Together these constitute 70% of all marine litter items.
He said the new law would also ensure "it is the polluter that pays". "This means different measures will be applied to different products".
The NGOs also said that the draft fails to address the presence of hazardous substances used in single-use plastic products, which can easily leak into the environment and in our food chain.
There would be no immediate bans on products for which "straight-forward alternatives" were not yet available. Instead, the focus would be on limiting use through national measures.
A picture taken on May 24, 2018 in Sieversdorf, eastern Germany shows plastic straws. Estimates by the Commission show that the net benefits of the proposal are obvious. These include offering city-wide programs for reusable mugs and reusable straws, only giving single-use utensils to customers when requested, and ceasing distribution of disposable cups and single-use plastic bags, or placing a tax on both items.
Across the world, plastics make up 85% of marine litter.
The Commission writes now that tackling the plastics problem is a must and can bring new opportunities for innovation, competitiveness and job creation. Companies will also be offered incentives to develop less polluting alternatives. The proposed directive will now go to the European Parliament and the European Council for approval.
"We're targeting the 10 most commonly found single use plastic items that have a great chance of ending up as litter, which are very hard to recyle" according to EU Commission First Vice-President Frans Timmermans.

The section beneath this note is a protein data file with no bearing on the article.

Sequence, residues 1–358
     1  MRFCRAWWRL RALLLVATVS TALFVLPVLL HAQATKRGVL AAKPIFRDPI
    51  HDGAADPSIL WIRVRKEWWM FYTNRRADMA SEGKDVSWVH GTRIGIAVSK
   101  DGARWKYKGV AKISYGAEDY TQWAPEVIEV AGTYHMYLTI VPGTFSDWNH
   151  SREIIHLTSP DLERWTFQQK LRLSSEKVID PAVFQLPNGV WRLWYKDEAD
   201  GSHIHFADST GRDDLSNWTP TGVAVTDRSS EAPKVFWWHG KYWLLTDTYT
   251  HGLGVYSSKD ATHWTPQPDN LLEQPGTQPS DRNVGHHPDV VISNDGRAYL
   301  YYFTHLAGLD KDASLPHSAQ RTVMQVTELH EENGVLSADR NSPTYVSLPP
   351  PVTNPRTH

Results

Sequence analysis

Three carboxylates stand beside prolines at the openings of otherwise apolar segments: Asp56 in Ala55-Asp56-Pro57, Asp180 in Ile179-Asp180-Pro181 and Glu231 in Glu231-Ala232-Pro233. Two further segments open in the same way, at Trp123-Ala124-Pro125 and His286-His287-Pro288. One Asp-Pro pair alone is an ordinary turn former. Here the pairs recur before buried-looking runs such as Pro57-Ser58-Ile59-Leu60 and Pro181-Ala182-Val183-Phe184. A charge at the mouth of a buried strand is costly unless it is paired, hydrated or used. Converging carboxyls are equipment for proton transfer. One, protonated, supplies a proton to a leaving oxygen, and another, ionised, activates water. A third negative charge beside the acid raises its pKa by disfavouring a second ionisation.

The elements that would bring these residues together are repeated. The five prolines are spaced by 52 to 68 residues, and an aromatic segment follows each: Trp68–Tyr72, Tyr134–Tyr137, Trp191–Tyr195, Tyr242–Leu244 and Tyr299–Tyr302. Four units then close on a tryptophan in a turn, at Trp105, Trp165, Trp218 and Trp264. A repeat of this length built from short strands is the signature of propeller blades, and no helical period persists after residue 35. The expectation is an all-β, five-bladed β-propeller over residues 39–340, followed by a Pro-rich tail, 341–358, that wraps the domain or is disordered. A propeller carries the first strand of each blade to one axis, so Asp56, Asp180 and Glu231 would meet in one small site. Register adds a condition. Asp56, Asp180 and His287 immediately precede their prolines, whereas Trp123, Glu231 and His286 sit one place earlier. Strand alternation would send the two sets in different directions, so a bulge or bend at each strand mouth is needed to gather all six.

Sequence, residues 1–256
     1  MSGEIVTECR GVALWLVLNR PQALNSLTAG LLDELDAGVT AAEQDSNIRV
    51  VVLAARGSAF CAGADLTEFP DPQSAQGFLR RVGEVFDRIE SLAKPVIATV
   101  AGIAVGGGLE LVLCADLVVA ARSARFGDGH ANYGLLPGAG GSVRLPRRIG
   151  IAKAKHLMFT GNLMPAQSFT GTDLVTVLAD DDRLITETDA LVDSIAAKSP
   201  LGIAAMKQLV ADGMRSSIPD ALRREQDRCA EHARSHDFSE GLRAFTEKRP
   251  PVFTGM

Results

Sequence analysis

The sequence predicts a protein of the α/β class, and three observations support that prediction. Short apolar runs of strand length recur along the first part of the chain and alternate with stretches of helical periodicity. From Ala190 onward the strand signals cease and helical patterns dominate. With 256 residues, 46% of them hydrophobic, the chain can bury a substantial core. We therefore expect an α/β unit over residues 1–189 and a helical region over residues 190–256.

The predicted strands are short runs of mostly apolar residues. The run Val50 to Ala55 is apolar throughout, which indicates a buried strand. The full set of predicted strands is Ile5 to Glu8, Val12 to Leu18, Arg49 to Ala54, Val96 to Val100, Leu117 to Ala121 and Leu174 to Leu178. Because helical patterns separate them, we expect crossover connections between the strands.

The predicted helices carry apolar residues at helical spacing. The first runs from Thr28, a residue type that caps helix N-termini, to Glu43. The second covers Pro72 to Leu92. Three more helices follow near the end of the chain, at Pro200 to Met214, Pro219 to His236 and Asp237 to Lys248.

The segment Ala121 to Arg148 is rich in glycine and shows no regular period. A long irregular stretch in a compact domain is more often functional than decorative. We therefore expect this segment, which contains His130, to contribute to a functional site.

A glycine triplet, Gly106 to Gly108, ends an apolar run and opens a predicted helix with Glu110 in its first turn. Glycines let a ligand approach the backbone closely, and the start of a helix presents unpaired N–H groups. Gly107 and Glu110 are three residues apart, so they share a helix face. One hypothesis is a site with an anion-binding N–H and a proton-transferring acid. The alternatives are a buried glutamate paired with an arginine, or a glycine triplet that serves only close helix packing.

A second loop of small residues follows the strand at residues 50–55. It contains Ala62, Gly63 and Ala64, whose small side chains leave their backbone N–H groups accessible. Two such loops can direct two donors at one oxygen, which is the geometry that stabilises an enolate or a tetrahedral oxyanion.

As reported by Deutsche Welle (DW), Germany's global broadcaster, the draft law will include a ban on the private use of disposable plastic products like straws, plastic plates, plastic utensils, plastic coffee stirrers, cotton swabs with plastic stems and plastic balloon holders.
European Union countries will also be required to collect 90 percent of single-use plastic drink bottles by 2025. The Commission writes that producers will help cover the costs of waste management and clean-up, as well as awareness raising measures.
Each country will also have to embark on an education campaign in which food producers are required to label products clearly and inform consumers how plastic waste is disposed. EU Commission officials urged for institutions to "deliver tangible results" before EU elections in twelve month's time.